Analysis: How Apple sees the iPhone

Smartphone or consumer gadget? Serious business tool or high-tech toy? Ever since Steve Jobs first pulled an iPhone out of his pocket in January, the debate has raged over just who makes up the target audience for this mobile phone.

Back in January, some mobile device analysts told Computerworld that the iPhone wasn’t so much a smartphone as it was “a super-smart iPod with phone functionality.” Other analysts predicted that Apple’s device would put pressure on other handset makers, particularly those at the higher-end of the market. Meanwhile, recent weeks have seen the research firm Gartner advising its IT clients to keep the iPhone away from their networks, with IDC analyst Randy Giusto describing the iPhone as “not positioned at all for the IT world. It’s a personal device.”

Apple weighed in with its own opinion on the iPhone’s place in the mobile device market last week. The company sent out a data sheet to reporters, comparing the soon-to-be-released iPhone to four other phone models made by Nokia, Samsung, Blackberry and Palm.

Apple’s side-by-side comparison doesn’t necessarily mean the company sees the iPhone taking on those four specific models. “I don’t think Apple is targeting any specific vendor or operator by releasing additional specs on iPhone,” said Bonny Joy, an analyst at Strategy Analytics. But it does offer a glimpse into Apple’s thinking on the company it would like the iPhone to keep.

The phones Apple selected for its side-by-side comparison include the Nokia N95, the Samsung Blackjack, the BlackBerry Curve 8300, and the Palm Treo 750.

Just glancing at the names on that list, it’s clear that whatever analysts think of the iPhone, Apple see it squarely in the middle of smartphone territory—all four of those devices are targeted at business users or consumers looking for a multifunction device to keep them in touch with the office via e-mail, Web, and voice services.

It’s not surprising that in a comparison arranged by Apple, the iPhone comes out on top. It’s the thinnest of the phones listed, beating out the Blackjack by a tenth of a millimeter; at 3.5 inches, it also features the widest viewable screen area. It also helps Apple’s comparison that the data sheet was released after last week’s announcement of improved battery life for the iPhone. Apple also announced that the iPhone’s display surface would be glass, compared to the plastic surface on the four other smartphones.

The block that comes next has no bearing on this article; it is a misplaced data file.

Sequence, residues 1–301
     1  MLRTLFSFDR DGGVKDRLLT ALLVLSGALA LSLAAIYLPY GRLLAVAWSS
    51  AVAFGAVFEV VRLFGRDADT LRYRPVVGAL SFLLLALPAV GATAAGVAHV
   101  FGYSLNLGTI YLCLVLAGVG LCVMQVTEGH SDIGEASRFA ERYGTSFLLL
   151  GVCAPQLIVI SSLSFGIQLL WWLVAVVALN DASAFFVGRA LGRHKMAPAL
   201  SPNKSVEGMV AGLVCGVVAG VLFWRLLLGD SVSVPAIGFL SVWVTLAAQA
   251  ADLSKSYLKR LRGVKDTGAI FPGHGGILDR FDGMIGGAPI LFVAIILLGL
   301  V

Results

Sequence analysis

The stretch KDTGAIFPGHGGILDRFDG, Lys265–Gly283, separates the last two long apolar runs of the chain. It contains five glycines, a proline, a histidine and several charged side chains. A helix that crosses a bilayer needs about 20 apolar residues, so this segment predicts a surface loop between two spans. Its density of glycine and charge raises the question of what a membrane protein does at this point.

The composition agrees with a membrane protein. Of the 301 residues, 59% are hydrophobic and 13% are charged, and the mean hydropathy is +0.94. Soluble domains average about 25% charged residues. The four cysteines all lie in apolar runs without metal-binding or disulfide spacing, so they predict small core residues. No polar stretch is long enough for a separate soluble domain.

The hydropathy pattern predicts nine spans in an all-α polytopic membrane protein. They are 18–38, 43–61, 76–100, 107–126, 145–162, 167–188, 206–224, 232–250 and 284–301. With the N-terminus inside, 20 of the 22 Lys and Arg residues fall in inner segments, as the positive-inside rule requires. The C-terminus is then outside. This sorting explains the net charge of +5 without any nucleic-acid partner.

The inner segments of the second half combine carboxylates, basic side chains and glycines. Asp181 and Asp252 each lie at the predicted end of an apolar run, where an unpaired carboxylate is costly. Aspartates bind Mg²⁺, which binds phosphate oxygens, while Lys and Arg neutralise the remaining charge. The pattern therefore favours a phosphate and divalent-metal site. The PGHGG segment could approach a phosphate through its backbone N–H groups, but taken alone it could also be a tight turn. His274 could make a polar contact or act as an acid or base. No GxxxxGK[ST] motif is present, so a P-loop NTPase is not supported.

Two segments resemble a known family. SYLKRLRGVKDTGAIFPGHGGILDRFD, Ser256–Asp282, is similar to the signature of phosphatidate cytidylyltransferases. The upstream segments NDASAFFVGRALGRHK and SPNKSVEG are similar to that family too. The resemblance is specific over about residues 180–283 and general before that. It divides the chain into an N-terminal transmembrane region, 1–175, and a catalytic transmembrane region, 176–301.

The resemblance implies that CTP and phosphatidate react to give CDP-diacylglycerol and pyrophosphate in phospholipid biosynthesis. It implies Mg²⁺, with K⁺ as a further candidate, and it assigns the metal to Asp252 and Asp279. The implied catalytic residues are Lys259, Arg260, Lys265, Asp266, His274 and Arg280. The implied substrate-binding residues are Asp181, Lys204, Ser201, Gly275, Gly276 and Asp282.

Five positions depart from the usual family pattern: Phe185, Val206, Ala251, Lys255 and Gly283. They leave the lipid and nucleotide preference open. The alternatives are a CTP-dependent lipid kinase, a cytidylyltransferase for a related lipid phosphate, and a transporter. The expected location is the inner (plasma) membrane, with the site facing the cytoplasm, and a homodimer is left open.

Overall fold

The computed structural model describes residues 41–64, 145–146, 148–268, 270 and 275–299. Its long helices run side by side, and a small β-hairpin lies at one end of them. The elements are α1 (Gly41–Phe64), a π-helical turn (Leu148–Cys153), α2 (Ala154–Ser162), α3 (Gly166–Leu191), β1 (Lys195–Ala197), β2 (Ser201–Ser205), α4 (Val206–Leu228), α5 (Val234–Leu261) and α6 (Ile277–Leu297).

Improved battery life is particularly key, according to Joy. “In our studies we found that the battery life of their cell phone is one of consumers’ major concerns,” he said. That’s important particularly for cell phones that are also multimedia capable, Joy added—a market segment the iPhone is tailor-made for. To that end, Apple’s data sheet notes that the four would-be iPhone competitors don’ offer specs on how long they last when accessing the Internet, playing back video or playing audio files.

“By announcing iPhone has extended battery life, Apple is targeting existing iPod customer base to upgrade to iPhone, especially the ones who believe features like battery life could be sacrificed for the sake of additional functionality,” Joy said.

The iPhone is not considered a “3G” cell phone — a cell phone that has true high-speed networking capabilities over a carrier’s data network. But the iPhone, unlike all others on the list except for Nokia’s N95, can eschew AT&T’s data network for a local Wi-Fi network instead, boosting its Internet surfing capabilities.

“The iPhone doesn’t have 3G so Wi-Fi gives it an edge,” he added. “There’s a reasonably good penetration of Wi-Fi [in North America].”

Despite Apple’s positioning of the iPhone, Joy notes that the comparisons to the other four devices don’t tilt entirely in Apple’s favor. Some of the phone models trounce the iPhone on price: The Samsung Blackjack is available for free with certain cell phone plans, for example.

While it may be on the upper end of the pricing spectrum for a cell phone at a starting price of $499, the iPhone should compete against other devices that emphasize multimedia capabilities, says Joy, citing Sony Ericsson’s Walkman-branded phones—models that Apple doesn’t compare in the matrix.

“Walkman phones are particularly popular in Western Europe,” Joy said “And Walkman phones are priced from about $150 to $500.”

Regardless of what specific brands the iPhone takes on, it’s clear that if Apple is to meet its stated goal of selling 10 million phones in the next 18 months, it will have to target the growing smartphone segment. And it’s equally clear from this bit of pre-release marketing that Apple understands that.

This story, "Analysis: How Apple sees the iPhone" was originally published by PCWorld.

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